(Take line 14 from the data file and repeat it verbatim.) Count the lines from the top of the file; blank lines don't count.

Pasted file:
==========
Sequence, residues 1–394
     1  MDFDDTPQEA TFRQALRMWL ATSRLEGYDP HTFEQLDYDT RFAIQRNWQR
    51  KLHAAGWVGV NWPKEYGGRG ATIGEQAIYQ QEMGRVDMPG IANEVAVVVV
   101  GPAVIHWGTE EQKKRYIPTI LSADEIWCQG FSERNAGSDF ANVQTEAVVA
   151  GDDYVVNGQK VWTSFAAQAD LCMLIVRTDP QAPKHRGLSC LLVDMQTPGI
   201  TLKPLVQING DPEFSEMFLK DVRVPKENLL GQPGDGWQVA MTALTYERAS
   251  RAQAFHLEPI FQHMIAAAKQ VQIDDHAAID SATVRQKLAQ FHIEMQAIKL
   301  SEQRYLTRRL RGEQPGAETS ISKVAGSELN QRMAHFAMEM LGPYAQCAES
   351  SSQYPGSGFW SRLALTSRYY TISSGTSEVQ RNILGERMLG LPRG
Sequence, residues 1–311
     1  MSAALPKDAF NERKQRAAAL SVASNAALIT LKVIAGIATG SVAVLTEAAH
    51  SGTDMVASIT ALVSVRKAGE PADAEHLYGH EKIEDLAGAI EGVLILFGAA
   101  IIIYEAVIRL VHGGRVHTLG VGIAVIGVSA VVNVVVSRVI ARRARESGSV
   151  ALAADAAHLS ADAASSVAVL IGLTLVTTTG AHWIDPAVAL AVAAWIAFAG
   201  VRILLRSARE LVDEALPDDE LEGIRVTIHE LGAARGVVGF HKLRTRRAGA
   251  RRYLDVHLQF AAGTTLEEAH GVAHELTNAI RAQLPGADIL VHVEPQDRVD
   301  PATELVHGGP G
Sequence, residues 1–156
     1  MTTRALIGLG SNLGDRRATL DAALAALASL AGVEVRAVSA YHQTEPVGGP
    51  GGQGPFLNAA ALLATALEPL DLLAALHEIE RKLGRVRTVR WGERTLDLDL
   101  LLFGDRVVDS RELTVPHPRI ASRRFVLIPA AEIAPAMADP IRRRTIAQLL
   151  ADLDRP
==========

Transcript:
   151  ALAADAAHLS ADAASSVAVL IGLTLVTTTG AHWIDPAVAL AVAAWIAFAG